What's new for educators, students and parents at the Utah Education Network, KULC and KUED.



    BLOG-LIKE SITES (continued)


    SLC Public Library : Events


    Google News
    Search and browse 4,500 news sources updated continuously.





    The provider that fueled the blogging revolution. Free and premium (pay) versions.


    Aimed at a younger crowd. Easy sign up procedure. No banner or pop up ads.


    Webby award-winning site used by 400,000+ worldwide.


    Rated 3 in Free Blog Providers on Mar 4, 2004 at 03:33:52 GMT. (0 views)

    Available in free and premium (pay) versions.





    Rated 3 in Other Blog Services / Software on Mar 4, 2004 at 18:39:30 GMT. (0 views)

    Donation supported. $20 - $45 buys the software license. Commercial accounts: $150.



    Online service from MoveableType. Monthly pricing at $4.95, $8.95 and $14.95.


    Radio UserLand

    After free 30-day trial period, Radio costs $39.95 per year with 40 megabytes of storage.


    EBN - Educational Bloggers Network 

    Paid Service marketed to educators. The first year rate is $19.95. After the first year, the educational rate is $39.95 per year.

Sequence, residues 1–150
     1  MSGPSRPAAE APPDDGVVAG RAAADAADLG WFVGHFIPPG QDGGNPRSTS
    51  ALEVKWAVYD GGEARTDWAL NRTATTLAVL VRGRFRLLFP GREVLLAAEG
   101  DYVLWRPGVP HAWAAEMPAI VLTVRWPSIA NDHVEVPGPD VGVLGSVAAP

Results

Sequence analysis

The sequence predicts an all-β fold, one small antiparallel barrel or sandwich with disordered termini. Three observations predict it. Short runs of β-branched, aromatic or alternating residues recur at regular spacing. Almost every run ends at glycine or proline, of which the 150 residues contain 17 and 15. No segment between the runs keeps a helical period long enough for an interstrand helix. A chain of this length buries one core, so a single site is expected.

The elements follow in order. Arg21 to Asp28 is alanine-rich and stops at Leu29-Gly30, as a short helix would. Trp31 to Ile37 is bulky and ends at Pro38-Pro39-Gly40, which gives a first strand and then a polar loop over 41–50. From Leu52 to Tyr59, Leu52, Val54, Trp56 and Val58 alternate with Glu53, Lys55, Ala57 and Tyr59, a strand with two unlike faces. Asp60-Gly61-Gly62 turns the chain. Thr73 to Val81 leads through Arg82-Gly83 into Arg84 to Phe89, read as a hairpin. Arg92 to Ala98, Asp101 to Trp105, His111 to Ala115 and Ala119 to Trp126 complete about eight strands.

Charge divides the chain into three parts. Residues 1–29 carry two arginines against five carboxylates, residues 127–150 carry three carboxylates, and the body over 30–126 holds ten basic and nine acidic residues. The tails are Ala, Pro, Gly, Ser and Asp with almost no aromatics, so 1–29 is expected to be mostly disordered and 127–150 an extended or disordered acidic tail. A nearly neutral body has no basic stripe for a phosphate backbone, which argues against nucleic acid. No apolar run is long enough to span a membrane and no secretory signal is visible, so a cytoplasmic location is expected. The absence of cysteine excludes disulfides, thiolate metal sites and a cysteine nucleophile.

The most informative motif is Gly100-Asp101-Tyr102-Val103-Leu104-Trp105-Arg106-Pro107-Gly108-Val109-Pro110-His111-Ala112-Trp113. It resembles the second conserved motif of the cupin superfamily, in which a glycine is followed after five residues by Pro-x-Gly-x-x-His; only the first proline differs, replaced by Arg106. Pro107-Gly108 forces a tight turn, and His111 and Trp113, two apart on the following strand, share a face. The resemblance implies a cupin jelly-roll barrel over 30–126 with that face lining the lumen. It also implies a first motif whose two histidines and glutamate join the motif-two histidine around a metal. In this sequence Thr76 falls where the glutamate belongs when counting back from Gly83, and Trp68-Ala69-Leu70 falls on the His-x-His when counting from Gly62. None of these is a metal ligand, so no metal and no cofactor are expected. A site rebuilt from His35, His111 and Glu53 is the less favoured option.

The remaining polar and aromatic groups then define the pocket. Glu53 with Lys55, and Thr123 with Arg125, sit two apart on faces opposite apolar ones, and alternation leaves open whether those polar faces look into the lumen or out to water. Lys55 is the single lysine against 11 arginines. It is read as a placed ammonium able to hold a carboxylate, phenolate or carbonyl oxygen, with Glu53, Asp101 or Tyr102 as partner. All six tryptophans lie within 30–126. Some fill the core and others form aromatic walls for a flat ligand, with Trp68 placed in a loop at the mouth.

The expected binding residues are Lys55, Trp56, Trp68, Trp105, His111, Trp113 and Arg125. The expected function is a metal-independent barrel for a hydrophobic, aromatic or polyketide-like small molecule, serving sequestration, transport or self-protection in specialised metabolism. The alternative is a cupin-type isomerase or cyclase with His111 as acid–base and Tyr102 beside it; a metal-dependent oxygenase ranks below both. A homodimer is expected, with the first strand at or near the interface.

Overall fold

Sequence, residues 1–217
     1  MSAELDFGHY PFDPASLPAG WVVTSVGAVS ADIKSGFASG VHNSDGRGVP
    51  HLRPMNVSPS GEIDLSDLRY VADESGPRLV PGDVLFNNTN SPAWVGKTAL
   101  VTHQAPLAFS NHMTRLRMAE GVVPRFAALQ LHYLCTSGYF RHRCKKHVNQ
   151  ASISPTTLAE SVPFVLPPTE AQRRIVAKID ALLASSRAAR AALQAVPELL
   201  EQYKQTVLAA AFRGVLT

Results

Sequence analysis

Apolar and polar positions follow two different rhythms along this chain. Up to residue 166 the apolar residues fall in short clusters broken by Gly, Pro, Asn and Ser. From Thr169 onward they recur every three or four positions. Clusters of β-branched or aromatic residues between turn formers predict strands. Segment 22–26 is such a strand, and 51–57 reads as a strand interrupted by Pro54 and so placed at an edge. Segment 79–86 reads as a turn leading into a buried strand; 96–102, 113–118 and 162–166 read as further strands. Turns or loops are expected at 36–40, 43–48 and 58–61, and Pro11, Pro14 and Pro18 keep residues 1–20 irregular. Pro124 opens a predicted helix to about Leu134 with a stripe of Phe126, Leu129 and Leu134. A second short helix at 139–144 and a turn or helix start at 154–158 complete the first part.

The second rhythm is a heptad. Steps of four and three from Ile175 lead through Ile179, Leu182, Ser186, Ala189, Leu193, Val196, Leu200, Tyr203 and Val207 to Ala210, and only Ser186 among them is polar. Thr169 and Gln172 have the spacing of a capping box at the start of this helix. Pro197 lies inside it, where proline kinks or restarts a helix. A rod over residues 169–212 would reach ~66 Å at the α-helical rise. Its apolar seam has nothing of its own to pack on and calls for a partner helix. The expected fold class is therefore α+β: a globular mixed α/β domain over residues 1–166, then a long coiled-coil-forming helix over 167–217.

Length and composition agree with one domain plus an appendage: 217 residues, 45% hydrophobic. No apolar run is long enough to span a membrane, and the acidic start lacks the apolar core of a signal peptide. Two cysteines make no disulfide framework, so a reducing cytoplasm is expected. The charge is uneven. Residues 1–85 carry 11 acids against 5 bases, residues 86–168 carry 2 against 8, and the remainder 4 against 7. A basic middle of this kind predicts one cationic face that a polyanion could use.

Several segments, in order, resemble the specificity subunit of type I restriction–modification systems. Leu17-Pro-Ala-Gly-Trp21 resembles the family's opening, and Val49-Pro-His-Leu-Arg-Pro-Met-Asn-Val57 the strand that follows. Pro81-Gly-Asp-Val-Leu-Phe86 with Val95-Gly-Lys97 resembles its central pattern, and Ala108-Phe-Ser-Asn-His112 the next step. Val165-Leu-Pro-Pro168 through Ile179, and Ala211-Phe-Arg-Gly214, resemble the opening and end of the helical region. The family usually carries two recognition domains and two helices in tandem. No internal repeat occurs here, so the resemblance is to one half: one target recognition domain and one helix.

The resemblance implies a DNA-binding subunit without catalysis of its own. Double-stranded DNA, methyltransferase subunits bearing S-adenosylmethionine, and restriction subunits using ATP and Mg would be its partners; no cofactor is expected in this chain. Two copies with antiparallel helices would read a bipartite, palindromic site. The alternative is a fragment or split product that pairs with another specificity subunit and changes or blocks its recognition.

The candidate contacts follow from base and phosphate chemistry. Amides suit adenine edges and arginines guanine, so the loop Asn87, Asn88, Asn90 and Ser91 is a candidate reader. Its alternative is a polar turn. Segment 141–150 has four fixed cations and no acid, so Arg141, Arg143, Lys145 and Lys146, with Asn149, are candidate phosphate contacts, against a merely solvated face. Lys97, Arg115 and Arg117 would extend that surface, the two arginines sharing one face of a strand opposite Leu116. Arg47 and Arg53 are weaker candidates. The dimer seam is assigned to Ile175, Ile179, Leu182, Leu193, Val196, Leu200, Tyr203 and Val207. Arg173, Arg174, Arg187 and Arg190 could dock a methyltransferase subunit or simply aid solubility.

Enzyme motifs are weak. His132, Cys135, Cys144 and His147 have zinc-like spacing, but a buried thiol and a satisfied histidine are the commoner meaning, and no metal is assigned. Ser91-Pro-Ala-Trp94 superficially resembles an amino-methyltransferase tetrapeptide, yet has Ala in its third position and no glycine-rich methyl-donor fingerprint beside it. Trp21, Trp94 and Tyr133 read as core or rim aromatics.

UEN - my.uen 

    Educator-created customized web page to share information and resources with students, parents, and the learning community.




    UEN - Virtual Tours 

    Educator-created virtual tours organized by Utah core curriculum. Registered UEN educators can quickly create their own content using this tool.


    UEN - Activities 

    Educator-created activites organized by Utah core curriculum. Registered UEN educators can quickly create their own content using this tool.


    UEN - Rubric Tool Home 

    Browse exiting rubrics, adapt or create your own, online tutorial included.


    UEN - Lesson Plan Tool 

    Browse existing lesson plans, adapt or create your own, online tutorial included


    UEN - Basic HTML Tags Tutorial 

    One page reference for Formatting Text with basic HTML tags.


    SURWEB - State of Utah Resources Web 

    Educator-created multimedia presentations using a huge library of images, sounds & movies provided by SURWEB or other digital sources.


    MyEdesk Reference Desk 

    Create, manage, and distribute portfolios, lesson plans, presentations, study guides, and more.

    Clipping: Use several proven search engines to find reliable resources to add to the content of collections. Search for and find teacher, student, administrator, and power users to share content and collections. Create, format, and edit documents using the powerful Virtual Notepad. Bookmark your favorite websites and upload files to your personal storage space from anywhere on the web.




    Utah Policy Political Weblog

    Clipping: what's up in Utah politics, media, public affairs











    OJR article: Blogging as a Form of Journalism

    Online Journalism Review - USC Annenberg

    Clipping: Weblogging will drive a powerful new form of amateur journalism as millions of Net users — young people especially — take on the role of columnist, reporter, analyst and publisher while fashioning their own personal broadcasting networks.